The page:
PRESQUE ISLE, Maine — A Presque Isle urologist late last week was found negligent in the treatment and care of a 66-year-old Presque Isle man who sought help from him for prostate issues in 2007.

That negligence left the patient, Bernard D. McManus, plagued by severe pain until his death last year of unrelated causes, according to Celine M. Boyle, the attorney for McManus, and his widow, Connie. Boyle said that the decision against Dr. Imbesat Daudi came after a four-day jury trial before Justice E. Allen Hunter in Aroostook County Superior Court in Houlton.

“It was a very difficult process for my client and for the family,” she said Thursday. “Mr. McManus wanted to see justice done. This case was filed in court against Dr. Daudi on Aug. 9, 2010. He tried very hard to make it to the end of the trial, but he died on Nov. 30, 2013, and the verdict came on Jan. 17, 2014.”

The jury awarded $203,350 to McManus’ estate for medical bills and $200,000 for general damages for pain and suffering, as well as $100,000 to Connie McManus for loss of consortium, according to Boyle.

Boyle said that in 2007, McManus visited Daudi at his practice, Aroostook Urology, which was located at 181 Academy St. in Presque Isle, in close proximity to The Aroostook Medical Center. He was diagnosed as suffering from an enlarged prostate. At that point, she said, Daudi opted to treat McManus using Transurethral microwave therapy, or TUMT, in which a catheter is inserted into the urethra and microwaves are used to heat up and destroy excess prostate tissue.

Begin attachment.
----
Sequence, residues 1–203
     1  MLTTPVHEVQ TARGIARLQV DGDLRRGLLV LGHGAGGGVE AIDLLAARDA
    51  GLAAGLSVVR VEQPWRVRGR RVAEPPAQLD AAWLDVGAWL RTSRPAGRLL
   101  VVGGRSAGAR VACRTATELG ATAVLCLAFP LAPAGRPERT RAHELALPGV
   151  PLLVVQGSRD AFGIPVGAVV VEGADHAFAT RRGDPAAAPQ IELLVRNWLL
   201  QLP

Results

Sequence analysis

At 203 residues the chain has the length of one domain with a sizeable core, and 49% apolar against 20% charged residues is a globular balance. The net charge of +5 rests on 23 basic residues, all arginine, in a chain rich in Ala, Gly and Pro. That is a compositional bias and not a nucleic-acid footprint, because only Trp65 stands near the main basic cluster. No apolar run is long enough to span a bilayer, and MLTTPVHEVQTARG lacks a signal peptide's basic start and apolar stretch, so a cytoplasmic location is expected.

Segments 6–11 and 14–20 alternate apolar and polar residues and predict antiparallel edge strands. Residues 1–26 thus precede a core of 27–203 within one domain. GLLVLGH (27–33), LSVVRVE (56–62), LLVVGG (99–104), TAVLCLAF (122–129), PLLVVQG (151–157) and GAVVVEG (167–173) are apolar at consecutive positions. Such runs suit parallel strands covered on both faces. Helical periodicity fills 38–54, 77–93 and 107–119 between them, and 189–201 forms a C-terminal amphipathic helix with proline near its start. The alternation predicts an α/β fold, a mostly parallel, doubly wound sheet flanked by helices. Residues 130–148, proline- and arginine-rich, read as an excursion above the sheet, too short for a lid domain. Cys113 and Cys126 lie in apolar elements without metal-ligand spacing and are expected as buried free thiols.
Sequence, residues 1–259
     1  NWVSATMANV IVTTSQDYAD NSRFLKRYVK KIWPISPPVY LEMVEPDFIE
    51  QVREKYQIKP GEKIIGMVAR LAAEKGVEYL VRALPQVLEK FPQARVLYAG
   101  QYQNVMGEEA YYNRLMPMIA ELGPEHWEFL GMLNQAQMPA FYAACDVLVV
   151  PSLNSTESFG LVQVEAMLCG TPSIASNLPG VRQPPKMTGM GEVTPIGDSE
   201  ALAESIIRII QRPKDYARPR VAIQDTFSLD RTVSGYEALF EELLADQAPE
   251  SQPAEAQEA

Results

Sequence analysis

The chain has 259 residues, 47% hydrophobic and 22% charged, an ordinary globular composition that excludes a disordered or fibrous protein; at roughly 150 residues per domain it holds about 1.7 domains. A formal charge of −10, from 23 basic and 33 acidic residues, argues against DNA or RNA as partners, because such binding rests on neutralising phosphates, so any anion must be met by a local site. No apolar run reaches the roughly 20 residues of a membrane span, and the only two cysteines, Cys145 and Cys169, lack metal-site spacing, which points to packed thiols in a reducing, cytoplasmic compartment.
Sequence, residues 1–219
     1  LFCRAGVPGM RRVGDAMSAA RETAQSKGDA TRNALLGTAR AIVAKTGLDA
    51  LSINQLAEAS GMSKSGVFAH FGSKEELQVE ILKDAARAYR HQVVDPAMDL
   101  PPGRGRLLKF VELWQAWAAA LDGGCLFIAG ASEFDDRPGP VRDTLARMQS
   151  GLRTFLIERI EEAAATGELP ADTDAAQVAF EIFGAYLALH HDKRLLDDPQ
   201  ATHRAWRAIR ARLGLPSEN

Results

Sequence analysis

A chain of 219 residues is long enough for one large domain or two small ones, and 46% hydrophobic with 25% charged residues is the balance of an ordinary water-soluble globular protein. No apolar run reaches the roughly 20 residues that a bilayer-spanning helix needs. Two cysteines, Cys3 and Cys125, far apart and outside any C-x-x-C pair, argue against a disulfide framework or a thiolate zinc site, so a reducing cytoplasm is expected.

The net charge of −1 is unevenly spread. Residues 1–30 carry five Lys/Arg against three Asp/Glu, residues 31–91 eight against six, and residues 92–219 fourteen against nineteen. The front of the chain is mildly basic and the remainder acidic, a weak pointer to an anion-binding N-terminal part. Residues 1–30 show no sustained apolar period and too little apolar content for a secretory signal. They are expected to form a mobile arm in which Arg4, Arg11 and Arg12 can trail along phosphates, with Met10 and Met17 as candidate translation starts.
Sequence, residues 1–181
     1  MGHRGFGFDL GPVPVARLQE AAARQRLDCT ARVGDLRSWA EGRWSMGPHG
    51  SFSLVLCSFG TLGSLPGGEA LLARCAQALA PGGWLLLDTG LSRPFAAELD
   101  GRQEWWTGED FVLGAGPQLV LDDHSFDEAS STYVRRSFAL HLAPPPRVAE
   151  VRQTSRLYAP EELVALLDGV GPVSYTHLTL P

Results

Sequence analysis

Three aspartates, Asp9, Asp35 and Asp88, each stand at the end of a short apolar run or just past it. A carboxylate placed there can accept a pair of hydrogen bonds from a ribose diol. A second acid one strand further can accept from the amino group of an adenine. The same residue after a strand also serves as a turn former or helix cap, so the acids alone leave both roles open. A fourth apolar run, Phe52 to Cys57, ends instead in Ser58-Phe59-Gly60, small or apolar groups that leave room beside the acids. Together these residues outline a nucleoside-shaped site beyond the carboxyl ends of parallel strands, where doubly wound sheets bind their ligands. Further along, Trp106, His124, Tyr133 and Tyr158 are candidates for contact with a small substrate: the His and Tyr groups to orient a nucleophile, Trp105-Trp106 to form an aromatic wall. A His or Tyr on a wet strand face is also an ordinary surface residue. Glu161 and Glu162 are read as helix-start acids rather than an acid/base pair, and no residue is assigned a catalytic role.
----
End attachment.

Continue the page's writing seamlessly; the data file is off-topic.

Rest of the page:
Problems arose, Boyle said, when Daudi failed to properly confirm that the catheter was in the right place in compliance with practices recommended by the manufacturer and as followed by the average qualified urologist.

“As a result, Mr. McManus suffered a tremendous amount of pain,” she said Thursday afternoon. “He had to go through more procedures, and those procedures brought on more pain. He ended up in Bangor and Portland and then Boston trying to figure out what was going on.”

Boyle said that McManus required numerous medical procedures and surgeries to treat his condition, which included more catheters and tubes and a colostomy that was ultimately reversed. He eventually was diagnosed with a rectal fistula, and physicians in Maine referred him to specialists in Massachusetts to have it repaired.

“But despite the repairs, he still spent much of his life in pain,” Boyle said. “He was in persistent pain from the the time this happened in 2007 until his death in 2013.”

Boyle said that Daudi’s medical license would not be affected by the jury’s verdict. His license to practice medicine in Maine remains valid until April 2015, according to the Maine Department of Regulatory Licensing and Permitting.

A phone number for Aroostook Urology was no longer in service Friday.

Officials at The Aroostook Medical Center said Friday that Daudi has not been a member of the hospital’s active medical staff since 2011.

Mark Lavoie and David Herzer, attorneys representing Daudi, did not return calls seeking comment.